Every day for two hours starting from noon, Yala National Park stands down, and all vehicular movements are killed. It is to give the wildlife some peace and quiet, so that they too can enjoy sunshine without any intrusion, explained Dulshan. A much-deserved break for the animals – at the first sunlight, the park already teems with rangers and tourists and jeep drivers, the noise pollution and agitation not possibly good for them. Not an inconvenience anyway, for noon was also lunchtime for us, so we retreated to the coastal area: on the periphery of Yala National Park is the Indian ocean, itself never sleeping.
Lunch was invigorating, though it did little to inspirit morale. For six hours we had been going in circles, going hither and thither on a whim, in search for the big cat. Zilch luck we had. Leopards tend to hide in their caves or on the trees in the day, hunting only at night under a canopy of dark. There was the easy way: to go to a zoo and see leopards in captivity, a shadow of their destined glory, but what thrill is there in that, not to mention the cruelty of enslaving animals for human’s entertainment.
Now, I had already reined in my expectations, for game drives are much like chasing the aurora borealis – what you want is not always what you get; much as we humans like to think we are the superior being, nature does not answer to us. But I was largely disappointed at the lack of majestic-wildlife sightings: six hours of work for just three elephants, a couple of chameleons, and the earlier-mentioned. I was beginning to dismiss Yala National Park as a tourist trap. I was informed the latter half of the afternoon would not necessarily bring more rewards, for the animals tend to retreat further into their habitats.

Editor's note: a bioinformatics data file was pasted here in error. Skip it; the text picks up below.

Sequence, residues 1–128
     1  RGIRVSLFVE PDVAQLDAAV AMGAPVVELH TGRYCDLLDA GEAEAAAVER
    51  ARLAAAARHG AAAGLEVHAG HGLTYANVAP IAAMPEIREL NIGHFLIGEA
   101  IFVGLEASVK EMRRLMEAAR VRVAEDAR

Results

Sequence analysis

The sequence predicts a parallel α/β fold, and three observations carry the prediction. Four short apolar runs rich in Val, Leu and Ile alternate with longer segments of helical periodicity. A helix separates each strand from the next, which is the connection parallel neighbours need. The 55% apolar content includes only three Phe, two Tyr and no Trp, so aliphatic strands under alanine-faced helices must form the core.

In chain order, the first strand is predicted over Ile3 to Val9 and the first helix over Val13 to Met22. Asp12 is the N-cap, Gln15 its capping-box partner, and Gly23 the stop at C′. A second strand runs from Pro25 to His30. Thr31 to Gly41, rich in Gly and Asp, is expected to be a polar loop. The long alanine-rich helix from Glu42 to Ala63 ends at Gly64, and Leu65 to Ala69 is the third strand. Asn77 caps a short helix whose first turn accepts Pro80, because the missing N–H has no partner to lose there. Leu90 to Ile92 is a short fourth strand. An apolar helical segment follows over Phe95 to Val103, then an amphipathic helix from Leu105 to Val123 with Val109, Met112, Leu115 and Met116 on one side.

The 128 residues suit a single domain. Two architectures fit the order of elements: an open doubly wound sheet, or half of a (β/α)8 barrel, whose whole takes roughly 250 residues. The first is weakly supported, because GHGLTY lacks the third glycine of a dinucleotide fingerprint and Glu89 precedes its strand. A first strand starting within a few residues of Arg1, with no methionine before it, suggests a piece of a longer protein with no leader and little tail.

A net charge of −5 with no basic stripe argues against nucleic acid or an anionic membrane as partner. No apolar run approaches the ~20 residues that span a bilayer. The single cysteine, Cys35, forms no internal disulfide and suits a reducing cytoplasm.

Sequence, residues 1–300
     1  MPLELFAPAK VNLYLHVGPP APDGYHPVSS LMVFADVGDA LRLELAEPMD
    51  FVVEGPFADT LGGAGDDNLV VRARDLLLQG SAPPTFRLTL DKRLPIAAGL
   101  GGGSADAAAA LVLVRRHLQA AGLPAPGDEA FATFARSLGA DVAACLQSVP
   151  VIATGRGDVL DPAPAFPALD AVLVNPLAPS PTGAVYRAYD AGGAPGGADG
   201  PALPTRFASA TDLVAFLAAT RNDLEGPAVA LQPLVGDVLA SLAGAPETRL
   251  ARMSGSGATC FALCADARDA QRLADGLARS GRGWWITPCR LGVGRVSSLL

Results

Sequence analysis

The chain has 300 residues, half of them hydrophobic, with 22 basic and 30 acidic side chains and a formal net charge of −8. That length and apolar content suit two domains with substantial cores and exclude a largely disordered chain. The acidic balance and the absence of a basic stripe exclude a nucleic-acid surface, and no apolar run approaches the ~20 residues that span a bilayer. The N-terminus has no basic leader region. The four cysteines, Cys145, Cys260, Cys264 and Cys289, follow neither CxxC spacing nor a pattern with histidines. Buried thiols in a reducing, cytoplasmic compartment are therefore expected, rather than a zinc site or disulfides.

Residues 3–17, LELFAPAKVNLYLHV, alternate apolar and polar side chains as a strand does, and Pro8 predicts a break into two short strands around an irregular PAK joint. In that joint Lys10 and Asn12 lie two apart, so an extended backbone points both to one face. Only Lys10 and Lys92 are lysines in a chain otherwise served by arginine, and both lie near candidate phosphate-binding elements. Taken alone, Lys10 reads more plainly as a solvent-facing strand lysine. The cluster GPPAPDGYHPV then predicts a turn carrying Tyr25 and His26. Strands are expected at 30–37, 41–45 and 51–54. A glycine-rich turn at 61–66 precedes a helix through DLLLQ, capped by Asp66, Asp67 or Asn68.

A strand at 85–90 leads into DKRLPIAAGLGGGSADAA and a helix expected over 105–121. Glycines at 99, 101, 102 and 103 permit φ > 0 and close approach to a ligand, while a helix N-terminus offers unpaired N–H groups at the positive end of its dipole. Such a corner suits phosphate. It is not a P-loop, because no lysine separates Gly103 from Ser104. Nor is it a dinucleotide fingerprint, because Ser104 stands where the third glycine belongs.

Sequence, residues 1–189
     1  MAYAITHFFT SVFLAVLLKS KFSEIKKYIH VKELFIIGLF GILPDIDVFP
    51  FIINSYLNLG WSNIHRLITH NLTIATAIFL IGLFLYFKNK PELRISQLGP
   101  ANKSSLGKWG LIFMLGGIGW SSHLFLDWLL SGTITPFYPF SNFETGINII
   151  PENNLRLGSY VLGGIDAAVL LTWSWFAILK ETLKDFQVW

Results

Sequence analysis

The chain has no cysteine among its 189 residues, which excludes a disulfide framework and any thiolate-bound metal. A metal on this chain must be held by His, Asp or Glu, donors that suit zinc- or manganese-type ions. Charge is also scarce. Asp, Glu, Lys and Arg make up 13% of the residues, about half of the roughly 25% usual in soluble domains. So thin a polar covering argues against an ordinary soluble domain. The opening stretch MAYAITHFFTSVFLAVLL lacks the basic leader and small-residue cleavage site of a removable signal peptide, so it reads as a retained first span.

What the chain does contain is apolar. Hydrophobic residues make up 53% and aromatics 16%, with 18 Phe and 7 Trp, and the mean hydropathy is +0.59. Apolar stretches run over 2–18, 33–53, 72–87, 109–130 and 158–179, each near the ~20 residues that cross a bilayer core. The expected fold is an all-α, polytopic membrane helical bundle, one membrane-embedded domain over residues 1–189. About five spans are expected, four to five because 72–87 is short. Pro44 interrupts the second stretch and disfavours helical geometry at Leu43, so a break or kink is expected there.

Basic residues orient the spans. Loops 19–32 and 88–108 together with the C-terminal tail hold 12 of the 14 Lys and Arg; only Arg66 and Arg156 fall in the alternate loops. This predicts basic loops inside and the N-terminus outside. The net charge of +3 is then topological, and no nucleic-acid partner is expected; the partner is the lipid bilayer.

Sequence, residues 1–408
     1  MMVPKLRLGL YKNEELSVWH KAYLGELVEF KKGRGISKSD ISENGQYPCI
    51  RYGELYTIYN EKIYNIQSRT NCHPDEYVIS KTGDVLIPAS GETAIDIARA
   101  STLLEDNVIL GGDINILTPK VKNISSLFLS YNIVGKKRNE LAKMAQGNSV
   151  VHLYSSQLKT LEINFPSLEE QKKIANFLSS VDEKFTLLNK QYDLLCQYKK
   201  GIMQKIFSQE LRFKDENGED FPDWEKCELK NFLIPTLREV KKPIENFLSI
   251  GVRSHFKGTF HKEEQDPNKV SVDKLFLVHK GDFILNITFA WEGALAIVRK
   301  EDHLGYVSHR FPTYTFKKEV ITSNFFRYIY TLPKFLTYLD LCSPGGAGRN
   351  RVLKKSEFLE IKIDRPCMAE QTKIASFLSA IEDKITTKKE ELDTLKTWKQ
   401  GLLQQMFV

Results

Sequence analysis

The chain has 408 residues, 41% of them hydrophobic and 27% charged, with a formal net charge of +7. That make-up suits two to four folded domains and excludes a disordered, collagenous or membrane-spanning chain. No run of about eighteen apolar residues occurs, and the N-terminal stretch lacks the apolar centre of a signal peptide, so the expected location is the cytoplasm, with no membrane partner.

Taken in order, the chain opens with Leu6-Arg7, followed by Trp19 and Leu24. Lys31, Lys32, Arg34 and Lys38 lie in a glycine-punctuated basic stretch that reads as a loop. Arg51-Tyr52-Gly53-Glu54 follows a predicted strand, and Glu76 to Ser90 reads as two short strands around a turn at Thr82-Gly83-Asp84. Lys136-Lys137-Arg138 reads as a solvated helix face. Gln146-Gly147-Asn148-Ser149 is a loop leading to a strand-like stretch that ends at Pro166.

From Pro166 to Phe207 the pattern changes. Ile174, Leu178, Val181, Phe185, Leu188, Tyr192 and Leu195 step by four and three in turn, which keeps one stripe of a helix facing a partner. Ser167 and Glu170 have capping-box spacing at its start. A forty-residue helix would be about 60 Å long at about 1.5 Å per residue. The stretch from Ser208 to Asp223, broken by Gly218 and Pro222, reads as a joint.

And so with a low morale, I soldiered on, keeping a sharp eye out for the cat of a mysterious aura. This way and that we went, ascending small hills of rock (as I held on to the handrails for my dear life, jerked around like marbles in a bag), cruising along stretches of land. Just then, as if life were throwing me a bone, we zipped past a grey behemoth, standing alone, quiet as a mouse, ingesting shrubbery. “Elephants eat up to three hundred kilograms of vegetation a day,” Dulshan volunteered the trivia. It would take only a few lumbering steps for him to reach us, if he decided to, but for now he had no cares in the world.
Not three minutes later, we spotted yet another elephant, this time out in a lake, killing two birds with a stone: eating and soaking in the water. And then again two more water buffaloes, now venturing to the edge where the vegetation ended, so that they were only a few paces from me, and their horns were terrifying to behold. I felt my heart skipped a beat. Yet these sightings greatly enheartened me, for it seemed that the animals were now on the roam.